They liked Friske’s for being more relaxed about the pandemic rules and criticized the fact that so many local restaurants have suffered a severe financial blow due to lockdowns. “It just seemed pretty unjustified,” said Coseo, 63. “I’m not the one who counts Covid deaths, but still.”

Not everyone in the neighborhood agreed. On Route 31 south of Friske, Kim Cook, 53, had opened Grace: A Gallery in an old church with a striking bell tower to sell the works of around 60 local artists.

“I never went in after I found out they didn’t need masks,” said Ms. Cook, who once worked at Friske. However, her own mask requirement resulted in abuse by several customers, including a woman who pounced on her and closed the gallery.

Antrim County is a place that takes decades to be considered a local. The auto managers, assembly workers, teachers, and others who eventually retreat from Michigan to their second homes remain outsiders. Residents who survive outside the short tourist summer season call visitors “fudges” because they visit the fudge shops, and retirees call them “permafudges”.

The pandemic brought with it a new generation: younger tech-savvy entrepreneurs from distant California who could work from home. They arrived with families and paid houses in cash, which fueled resentment.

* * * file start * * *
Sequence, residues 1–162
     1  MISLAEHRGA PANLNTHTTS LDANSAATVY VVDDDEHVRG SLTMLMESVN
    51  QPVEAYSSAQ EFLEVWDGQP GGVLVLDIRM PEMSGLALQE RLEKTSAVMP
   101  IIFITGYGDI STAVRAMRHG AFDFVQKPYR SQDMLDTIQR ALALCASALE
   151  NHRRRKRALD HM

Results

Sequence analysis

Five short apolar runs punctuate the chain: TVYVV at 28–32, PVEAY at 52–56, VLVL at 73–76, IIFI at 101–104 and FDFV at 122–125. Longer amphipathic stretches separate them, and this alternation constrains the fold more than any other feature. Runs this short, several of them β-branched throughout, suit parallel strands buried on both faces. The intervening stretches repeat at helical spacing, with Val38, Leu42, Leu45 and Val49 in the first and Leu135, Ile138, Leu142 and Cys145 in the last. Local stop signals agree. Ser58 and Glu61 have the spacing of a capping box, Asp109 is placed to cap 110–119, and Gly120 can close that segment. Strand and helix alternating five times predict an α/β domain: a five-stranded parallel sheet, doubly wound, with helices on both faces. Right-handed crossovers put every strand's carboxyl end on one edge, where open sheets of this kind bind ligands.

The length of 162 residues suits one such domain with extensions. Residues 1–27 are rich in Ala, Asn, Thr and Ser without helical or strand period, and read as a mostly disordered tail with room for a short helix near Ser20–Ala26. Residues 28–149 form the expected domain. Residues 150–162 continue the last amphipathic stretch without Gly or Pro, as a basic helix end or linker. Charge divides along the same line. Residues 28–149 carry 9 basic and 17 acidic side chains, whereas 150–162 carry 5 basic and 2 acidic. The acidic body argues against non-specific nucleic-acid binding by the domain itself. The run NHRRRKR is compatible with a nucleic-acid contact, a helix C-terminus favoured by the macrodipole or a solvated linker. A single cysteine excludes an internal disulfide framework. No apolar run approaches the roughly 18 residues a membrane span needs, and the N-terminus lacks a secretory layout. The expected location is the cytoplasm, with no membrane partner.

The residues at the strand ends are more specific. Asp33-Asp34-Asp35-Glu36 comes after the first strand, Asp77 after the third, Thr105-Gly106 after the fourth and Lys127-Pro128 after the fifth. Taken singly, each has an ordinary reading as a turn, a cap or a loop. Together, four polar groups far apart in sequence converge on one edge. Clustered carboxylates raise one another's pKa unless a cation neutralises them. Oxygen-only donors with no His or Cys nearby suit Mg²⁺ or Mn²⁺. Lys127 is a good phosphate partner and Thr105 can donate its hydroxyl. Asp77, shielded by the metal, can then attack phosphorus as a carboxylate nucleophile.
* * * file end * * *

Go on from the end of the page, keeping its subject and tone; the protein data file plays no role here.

In this district, Republicans have long controlled virtually every elected office. Still, a local judge, a former Republican politician, dismissed the case for fraud in the May 18 presidential election on the grounds that the requested state examination had been carried out.

But the fighting continues. The district officials who meet on Zoom spend hours listening to angry local residents. At a recent meeting, a resident condemned the fact that the commissioners were dragged into false accusations that made the county a “laughing stock”. Another said it was a proven fact that the county’s voting machines could be programmed to flip ballot papers.

The local resident who sued the lawsuit and their attorney are generally expected to appeal. Supporters organized a $ 20 per capita fundraiser on Saturday. The Speakers included Mike Lindell, the CEO of MyPillow, who continues to sell the false claim that Mr Trump won the election.

The location for the fundraiser? Friske farmers market.